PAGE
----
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The Four Loves

Paul: Week 2

The Four Loves
Tuesday, March 15, 2016

There are many different kinds of love. Ancient Greeks had multiple distinct words for what we try to cover with our single word “love”; these include philia (friendship), eros (passion), storge (familial love), and agape (infinite or divine love). I sometimes fear that our paucity of words reveals an actual narrowness of experience.

For Paul, agape love is the Great Love that is larger than you. It is the Great Self, the God Self. It’s not something you do. It’s something that you learn to live inside of even while you already participate in it. Paul’s oft used expression for living in love is en Christo or in Christ. This way of being is something you fall into more than you manufacture, just as our wonderful English phrase puts it—falling in love. This love is unconditional, always present, and comes without any stipulations except the falling itself. We will only allow ourselves to fall into love when we give up control, consciously or unconsciously. It will often feel like a falling and a faltering, an ecstatic humiliation.

The ego will resist and say, “Why am I doing this to myself? And yet I long to do it!” Normally, something must lead you to the edge of your present resources so you have to push your reset button to access a power greater than yourself. Most of us just don’t go there without a push or a fall or a seduction of some kind.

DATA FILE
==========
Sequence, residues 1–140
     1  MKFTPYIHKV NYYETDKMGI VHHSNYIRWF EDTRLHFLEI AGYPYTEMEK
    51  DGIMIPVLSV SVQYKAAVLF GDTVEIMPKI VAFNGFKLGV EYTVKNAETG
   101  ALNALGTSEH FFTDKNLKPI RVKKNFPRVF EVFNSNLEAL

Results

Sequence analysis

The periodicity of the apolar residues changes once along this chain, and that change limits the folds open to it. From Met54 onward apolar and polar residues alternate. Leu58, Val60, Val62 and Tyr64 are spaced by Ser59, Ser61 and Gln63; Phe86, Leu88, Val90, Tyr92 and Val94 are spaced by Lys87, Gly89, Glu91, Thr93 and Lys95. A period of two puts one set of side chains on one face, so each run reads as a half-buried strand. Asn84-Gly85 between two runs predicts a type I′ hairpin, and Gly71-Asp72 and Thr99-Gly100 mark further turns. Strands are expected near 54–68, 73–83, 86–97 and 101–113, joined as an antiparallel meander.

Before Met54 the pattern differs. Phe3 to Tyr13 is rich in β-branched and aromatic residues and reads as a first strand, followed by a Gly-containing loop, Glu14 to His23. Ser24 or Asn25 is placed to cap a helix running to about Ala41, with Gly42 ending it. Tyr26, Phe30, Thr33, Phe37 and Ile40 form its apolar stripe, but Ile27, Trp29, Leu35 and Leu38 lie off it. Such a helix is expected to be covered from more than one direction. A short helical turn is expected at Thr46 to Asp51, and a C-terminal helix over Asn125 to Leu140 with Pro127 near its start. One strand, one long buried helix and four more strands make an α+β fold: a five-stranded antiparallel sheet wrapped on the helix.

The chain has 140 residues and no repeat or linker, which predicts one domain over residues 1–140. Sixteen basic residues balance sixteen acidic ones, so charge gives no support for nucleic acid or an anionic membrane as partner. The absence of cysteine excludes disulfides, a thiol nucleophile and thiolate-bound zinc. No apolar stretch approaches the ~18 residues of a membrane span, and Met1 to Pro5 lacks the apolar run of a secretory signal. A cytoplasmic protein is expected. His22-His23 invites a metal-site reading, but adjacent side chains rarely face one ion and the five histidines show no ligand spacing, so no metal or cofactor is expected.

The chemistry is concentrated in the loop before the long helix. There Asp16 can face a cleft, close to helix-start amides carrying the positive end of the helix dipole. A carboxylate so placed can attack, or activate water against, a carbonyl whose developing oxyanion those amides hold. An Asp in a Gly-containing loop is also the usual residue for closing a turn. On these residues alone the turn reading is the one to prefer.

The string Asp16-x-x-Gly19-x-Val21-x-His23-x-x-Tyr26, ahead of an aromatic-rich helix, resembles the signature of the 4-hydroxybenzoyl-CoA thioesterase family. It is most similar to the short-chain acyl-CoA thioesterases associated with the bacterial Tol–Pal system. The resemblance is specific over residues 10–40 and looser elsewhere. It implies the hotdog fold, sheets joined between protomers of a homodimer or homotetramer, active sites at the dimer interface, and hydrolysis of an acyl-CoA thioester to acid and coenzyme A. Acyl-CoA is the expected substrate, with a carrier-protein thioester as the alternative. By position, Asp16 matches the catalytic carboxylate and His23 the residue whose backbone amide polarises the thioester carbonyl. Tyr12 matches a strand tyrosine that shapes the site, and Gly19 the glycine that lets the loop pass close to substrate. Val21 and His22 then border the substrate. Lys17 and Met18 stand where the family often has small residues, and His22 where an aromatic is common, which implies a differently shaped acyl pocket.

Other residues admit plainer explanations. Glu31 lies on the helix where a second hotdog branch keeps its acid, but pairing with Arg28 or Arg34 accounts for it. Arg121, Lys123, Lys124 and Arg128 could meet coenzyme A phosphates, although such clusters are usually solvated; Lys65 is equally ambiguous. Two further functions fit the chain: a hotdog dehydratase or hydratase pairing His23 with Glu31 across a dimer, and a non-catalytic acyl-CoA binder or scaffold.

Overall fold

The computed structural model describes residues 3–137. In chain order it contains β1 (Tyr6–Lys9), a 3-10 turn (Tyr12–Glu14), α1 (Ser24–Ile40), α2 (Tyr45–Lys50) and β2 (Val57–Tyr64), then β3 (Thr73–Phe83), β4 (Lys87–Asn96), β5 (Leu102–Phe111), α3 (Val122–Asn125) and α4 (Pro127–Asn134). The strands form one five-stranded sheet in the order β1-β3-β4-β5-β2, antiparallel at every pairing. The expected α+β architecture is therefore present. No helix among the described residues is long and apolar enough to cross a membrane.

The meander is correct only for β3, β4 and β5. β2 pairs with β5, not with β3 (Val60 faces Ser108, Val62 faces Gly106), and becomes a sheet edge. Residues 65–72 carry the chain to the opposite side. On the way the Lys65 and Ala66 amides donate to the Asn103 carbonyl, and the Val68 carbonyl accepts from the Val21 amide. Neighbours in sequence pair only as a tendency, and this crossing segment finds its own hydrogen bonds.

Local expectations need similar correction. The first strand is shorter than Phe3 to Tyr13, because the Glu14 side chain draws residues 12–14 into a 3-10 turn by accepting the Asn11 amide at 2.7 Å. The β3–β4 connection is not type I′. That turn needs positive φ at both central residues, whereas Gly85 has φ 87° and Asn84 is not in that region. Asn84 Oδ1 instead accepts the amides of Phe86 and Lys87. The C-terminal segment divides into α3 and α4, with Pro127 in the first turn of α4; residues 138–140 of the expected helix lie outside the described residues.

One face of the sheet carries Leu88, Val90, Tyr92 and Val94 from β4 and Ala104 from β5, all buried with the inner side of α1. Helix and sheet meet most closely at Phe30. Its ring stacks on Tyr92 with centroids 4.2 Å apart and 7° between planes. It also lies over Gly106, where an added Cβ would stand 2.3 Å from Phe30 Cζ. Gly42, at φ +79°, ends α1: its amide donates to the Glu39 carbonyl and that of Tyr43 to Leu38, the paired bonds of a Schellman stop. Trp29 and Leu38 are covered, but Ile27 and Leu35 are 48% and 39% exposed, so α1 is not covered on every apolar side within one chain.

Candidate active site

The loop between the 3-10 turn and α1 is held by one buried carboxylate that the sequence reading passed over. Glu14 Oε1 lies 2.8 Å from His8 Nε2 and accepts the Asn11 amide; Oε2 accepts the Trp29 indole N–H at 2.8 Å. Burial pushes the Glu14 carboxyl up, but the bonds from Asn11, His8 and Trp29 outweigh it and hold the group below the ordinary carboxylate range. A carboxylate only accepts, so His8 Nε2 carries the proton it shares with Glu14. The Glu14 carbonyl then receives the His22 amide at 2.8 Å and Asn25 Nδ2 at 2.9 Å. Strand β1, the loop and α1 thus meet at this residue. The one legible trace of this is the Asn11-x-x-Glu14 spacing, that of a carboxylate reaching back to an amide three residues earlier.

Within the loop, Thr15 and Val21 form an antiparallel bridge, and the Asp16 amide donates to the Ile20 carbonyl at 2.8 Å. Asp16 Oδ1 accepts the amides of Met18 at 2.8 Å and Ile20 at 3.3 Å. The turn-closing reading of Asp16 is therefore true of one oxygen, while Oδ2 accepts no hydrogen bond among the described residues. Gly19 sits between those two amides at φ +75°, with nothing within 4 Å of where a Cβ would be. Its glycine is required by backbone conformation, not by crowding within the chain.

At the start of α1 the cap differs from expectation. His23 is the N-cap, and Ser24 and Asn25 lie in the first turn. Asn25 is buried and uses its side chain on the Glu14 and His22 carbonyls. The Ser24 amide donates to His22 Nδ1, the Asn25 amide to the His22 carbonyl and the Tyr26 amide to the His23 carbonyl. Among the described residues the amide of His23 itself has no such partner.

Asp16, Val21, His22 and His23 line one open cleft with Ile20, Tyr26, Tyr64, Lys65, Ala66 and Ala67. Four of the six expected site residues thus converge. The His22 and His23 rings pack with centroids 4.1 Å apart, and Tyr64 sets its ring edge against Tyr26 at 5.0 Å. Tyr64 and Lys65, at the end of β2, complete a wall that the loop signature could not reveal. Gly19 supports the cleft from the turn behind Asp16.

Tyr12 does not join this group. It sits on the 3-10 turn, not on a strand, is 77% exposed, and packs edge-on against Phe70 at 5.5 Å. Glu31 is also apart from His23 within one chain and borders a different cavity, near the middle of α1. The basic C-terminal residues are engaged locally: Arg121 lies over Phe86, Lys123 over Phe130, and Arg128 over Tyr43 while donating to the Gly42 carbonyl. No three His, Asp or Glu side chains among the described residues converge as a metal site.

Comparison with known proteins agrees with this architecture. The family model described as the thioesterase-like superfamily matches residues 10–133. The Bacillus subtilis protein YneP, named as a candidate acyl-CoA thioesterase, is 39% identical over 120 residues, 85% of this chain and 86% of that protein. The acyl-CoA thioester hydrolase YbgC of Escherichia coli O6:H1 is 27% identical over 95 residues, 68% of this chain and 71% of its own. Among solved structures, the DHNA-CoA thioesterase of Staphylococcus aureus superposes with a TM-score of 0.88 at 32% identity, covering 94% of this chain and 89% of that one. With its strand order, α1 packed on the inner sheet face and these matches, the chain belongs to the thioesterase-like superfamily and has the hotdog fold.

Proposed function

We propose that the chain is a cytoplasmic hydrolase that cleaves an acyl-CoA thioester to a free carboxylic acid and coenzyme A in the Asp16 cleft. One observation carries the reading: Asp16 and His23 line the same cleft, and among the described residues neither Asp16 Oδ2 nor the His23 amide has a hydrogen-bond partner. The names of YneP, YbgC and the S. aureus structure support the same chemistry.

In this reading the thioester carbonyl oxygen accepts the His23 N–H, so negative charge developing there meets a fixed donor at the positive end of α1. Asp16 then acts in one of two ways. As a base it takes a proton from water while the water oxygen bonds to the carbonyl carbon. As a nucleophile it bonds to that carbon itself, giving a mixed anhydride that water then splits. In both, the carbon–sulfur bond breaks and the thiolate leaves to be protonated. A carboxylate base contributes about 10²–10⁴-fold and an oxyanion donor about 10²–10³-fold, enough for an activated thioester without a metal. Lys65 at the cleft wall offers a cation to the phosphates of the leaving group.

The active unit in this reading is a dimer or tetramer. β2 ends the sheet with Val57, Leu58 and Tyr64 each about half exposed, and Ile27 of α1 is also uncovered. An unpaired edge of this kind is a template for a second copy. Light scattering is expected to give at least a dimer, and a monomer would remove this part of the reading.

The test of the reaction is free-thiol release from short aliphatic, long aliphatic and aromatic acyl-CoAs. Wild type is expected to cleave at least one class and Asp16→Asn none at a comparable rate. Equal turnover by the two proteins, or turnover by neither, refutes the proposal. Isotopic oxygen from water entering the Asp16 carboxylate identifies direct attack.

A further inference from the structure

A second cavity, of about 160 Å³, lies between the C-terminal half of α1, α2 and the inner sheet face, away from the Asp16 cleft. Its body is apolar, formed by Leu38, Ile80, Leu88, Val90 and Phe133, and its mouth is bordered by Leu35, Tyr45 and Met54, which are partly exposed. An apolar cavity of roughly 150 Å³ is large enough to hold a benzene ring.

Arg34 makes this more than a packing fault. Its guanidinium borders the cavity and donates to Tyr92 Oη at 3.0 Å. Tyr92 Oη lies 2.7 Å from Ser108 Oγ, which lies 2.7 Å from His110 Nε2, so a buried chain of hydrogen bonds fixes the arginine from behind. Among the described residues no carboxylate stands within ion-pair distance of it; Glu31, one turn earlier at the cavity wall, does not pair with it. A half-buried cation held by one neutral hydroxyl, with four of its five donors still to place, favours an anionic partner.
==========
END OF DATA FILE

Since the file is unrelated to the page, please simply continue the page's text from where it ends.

In 1 Corinthians Chapter 12, Paul explains how we, precisely in our togetherness and participation, are Christ’s Body. Yet each of us is a different part of this Great Wholeness. He lists the many differing gifts of the Spirit. In closing, he writes: “Earnestly desire the greater gifts. And I am going to show you the best way of all” (1 Corinthians 12:31). Then, in his attempt to try to describe this agape or divine love, Paul writes his most poetic chapter in all his letters. He seems to run out of adjectives and superlatives to express the fullness of love.

Paul is not describing human friendship (philia), affection of parents for children (storge), or even passionate desire (eros); he is describing what it is like to live inside of an Infinite Source—where all the boundaries change, feelings are hardly helpful at all, and all the gaps are filled in from the other side. So you see why I say that any Valentine’s notion of love is totally inadequate and can even send you down an impossible and disappointing road if you try to conjure up such romantic dedication within yourself. We have to take breathing lessons and develop larger lungs to live inside of such a new and open horizon. It does not come naturally until we draw upon it many times, and then it becomes the only natural, the deep natural, the true natural. You have then returned home and can even practice the other kinds of love with much greater ability and joy.

Gateway to Silence:
Love bears all things, believes all things, hopes all things, endures all things. —1 Corinthians 13:7

Adapted from Richard Rohr, Great Themes of Paul: Life as Participation (Franciscan Media: 2002), discs 7, 9, and 11 (CD);

and “The Most Profound Chapter in the Bible,” a homily on January 31, 2016,

Image Credit: Three Little Girls, Juarez, Mexico, 2009. CAC archives.
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